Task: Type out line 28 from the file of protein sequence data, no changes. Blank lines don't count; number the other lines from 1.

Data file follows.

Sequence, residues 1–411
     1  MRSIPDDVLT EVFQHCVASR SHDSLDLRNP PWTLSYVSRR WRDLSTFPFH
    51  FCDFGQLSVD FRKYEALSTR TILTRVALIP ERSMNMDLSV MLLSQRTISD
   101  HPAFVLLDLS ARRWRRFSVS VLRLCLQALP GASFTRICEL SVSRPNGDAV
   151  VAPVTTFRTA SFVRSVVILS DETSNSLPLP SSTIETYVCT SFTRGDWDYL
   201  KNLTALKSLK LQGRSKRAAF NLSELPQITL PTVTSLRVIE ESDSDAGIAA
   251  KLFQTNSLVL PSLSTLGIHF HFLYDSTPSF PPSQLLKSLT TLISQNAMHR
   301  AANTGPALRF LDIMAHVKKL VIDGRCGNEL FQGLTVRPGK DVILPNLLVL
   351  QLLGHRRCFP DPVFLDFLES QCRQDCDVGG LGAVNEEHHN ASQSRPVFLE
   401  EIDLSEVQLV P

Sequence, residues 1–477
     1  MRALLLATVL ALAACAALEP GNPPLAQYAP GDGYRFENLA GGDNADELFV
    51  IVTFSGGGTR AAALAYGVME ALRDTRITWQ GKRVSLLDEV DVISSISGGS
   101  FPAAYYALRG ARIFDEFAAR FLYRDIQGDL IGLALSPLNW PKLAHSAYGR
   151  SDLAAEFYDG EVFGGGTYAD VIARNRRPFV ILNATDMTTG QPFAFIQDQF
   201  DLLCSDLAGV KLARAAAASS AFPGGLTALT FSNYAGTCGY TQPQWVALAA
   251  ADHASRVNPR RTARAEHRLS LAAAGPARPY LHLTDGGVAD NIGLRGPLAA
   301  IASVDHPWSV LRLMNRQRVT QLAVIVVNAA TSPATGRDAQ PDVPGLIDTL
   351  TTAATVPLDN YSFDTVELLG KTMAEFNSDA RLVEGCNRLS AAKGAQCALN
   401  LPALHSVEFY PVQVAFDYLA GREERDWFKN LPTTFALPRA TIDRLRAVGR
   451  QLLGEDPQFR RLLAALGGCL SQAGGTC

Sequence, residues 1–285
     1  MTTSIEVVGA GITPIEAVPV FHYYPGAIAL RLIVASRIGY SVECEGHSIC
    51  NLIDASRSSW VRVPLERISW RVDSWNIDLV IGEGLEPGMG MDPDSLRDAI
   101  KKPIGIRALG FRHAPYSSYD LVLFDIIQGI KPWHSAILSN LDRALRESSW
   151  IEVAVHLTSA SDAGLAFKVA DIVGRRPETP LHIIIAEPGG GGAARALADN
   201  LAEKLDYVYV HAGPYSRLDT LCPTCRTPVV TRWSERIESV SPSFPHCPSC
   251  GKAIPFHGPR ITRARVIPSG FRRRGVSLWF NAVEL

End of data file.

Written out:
   251  GKAIPFHGPR ITRARVIPSG FRRRGVSLWF NAVEL